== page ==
Coordinate Systems


  1. Andy Johnson's CS 488 Course Notes, Lecture 5
  2. Foley, Van Dam, Feiner, and Hughes, "Computer Graphics - Principles and Practice", Chapter ??
  3. Woo et. al., OpenGL Programming Guide

Coordinate System "Handedness"

In a 2-D coordinate system the X axis generally points from left to right, and the Y axis generally points from bottom to top. ( Although some windowing systems will have their Y coordinates going from top to bottom. )

When we add the third coordinate, Z, we have a choice as to whether the Z-axis points into the screen or out of the screen:

Right Hand Coordinate System (RHS)
Z is coming out of the page

Left Hand Coordinate System (LHS)
Z is going into the page

so basically its the same thing ...

The important thing to note is what coordinate system is being used by the package you are working with, both for the creation of models and the displaying of them. Also note that if the two packages use different coordinate systems, then the model(s) may need to be inverted in some fashion when they are loaded in for viewing.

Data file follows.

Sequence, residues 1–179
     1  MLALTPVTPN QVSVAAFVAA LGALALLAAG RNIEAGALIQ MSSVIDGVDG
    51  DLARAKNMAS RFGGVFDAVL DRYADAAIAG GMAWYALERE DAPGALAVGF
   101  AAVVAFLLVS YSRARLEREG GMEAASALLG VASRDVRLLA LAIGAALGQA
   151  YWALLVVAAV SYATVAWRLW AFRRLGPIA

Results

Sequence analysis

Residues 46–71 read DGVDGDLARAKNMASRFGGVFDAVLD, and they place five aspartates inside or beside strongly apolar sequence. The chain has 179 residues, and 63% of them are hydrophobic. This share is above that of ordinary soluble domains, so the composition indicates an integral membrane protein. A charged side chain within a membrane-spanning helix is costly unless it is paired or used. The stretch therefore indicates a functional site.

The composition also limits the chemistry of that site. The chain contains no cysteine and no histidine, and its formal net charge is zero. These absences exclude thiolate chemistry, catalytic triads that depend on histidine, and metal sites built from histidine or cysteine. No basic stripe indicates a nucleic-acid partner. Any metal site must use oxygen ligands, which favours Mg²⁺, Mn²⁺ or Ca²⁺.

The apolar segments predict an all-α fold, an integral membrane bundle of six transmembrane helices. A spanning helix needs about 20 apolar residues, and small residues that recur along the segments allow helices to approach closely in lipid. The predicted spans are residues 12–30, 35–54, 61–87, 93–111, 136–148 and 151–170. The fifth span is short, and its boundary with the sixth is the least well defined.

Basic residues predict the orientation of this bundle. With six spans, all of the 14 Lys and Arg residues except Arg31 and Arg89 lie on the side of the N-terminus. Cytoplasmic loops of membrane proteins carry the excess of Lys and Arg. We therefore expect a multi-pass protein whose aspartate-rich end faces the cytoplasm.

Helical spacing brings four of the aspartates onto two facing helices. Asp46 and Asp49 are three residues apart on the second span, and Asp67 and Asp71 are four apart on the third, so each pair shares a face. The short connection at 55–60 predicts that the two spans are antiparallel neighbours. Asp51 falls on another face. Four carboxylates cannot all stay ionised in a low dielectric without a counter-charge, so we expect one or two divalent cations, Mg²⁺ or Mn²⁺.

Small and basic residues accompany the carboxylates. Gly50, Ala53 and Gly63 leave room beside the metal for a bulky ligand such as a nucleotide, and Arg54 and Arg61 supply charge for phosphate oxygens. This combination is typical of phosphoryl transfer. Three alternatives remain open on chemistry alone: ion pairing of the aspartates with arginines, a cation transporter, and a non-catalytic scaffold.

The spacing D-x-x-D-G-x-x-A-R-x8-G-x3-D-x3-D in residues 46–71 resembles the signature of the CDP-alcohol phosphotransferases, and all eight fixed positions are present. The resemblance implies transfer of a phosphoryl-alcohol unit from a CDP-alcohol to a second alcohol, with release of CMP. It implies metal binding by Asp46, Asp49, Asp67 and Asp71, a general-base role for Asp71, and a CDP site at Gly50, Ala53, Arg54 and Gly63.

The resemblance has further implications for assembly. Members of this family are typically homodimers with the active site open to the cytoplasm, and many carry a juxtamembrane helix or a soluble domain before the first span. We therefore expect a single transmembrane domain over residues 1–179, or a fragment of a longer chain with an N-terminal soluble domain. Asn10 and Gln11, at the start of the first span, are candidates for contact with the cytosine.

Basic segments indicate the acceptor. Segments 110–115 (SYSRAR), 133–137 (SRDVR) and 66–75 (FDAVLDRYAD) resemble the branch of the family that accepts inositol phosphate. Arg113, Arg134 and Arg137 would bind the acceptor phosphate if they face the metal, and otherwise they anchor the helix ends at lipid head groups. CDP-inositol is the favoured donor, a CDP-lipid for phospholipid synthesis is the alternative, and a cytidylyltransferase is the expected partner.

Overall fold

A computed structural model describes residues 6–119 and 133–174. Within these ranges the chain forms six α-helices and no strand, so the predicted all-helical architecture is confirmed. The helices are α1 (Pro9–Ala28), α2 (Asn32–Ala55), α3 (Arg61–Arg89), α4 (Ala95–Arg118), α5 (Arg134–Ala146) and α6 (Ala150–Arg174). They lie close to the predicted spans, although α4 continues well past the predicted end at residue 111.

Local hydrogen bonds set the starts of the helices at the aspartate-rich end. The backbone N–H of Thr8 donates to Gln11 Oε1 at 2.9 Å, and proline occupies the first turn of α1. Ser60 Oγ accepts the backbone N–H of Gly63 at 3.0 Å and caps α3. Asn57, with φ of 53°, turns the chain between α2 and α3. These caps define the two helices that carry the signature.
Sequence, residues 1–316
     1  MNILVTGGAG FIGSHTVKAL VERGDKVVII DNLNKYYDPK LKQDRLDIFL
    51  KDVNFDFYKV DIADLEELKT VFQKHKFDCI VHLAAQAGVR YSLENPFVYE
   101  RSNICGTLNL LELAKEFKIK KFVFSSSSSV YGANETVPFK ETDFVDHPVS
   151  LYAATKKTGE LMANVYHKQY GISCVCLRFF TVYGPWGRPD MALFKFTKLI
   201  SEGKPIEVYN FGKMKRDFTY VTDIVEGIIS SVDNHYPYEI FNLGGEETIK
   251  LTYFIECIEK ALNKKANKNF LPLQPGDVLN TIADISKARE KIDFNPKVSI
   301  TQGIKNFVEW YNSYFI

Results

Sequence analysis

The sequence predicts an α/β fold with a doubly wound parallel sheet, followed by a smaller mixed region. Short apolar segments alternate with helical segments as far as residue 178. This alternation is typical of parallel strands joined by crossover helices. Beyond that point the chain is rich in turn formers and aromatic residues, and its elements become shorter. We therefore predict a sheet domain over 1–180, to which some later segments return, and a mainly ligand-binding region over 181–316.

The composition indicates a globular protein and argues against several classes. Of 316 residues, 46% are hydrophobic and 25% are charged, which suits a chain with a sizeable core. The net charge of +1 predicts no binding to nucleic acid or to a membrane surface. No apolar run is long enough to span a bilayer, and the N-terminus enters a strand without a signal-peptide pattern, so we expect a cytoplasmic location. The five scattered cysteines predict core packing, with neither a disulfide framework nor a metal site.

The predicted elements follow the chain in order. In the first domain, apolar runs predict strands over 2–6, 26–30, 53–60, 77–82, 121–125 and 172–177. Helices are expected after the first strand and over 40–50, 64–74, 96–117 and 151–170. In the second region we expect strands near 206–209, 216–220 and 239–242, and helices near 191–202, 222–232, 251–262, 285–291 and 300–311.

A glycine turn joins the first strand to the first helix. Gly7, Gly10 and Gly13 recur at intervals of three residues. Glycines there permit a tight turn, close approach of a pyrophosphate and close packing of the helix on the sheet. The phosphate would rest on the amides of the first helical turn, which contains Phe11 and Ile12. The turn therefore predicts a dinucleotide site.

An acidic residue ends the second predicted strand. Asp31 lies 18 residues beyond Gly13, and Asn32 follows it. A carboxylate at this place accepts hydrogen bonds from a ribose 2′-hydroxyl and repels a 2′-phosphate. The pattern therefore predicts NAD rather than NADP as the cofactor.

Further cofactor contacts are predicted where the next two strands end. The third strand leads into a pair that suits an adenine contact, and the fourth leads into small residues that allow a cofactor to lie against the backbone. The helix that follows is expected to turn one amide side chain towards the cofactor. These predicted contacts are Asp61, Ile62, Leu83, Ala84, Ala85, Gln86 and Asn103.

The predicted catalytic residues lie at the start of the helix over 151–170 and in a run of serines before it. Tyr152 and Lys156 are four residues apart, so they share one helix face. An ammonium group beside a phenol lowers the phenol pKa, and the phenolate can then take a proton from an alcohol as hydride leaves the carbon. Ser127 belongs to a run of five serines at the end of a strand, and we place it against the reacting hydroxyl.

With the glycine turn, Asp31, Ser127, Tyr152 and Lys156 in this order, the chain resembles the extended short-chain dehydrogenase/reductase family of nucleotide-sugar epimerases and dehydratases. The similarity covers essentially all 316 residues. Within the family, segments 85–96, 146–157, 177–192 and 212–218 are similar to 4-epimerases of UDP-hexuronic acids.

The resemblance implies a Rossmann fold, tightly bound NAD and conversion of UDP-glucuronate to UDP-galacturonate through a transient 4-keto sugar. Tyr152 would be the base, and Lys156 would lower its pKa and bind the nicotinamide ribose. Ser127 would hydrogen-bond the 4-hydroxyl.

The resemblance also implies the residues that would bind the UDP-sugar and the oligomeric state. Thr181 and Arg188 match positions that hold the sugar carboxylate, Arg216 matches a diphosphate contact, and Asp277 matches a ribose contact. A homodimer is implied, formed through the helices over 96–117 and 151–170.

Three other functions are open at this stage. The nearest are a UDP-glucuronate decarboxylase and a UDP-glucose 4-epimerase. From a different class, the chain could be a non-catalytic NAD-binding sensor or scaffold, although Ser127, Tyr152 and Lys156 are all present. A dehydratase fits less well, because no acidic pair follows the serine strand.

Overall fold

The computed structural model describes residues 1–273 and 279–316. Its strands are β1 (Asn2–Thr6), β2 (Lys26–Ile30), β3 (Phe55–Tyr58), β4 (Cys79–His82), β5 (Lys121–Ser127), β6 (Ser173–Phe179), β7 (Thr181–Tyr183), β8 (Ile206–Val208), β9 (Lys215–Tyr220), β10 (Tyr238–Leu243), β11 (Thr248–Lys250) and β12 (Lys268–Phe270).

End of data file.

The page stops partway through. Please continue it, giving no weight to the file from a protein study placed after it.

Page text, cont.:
OpenGL generally uses a right-hand coordinate system.

Multiple Coordinate Systems in a Graphics Program

In a typical graphics program, we may need to deal with a number of different coordinate systems, and a good part of the work ( and the cause of many headaches ) is the conversion of coordinates from one system to another. We'll learn about the conversion process a little later, but in the meantime, here is a list of some of the coordinate systems you may encounter: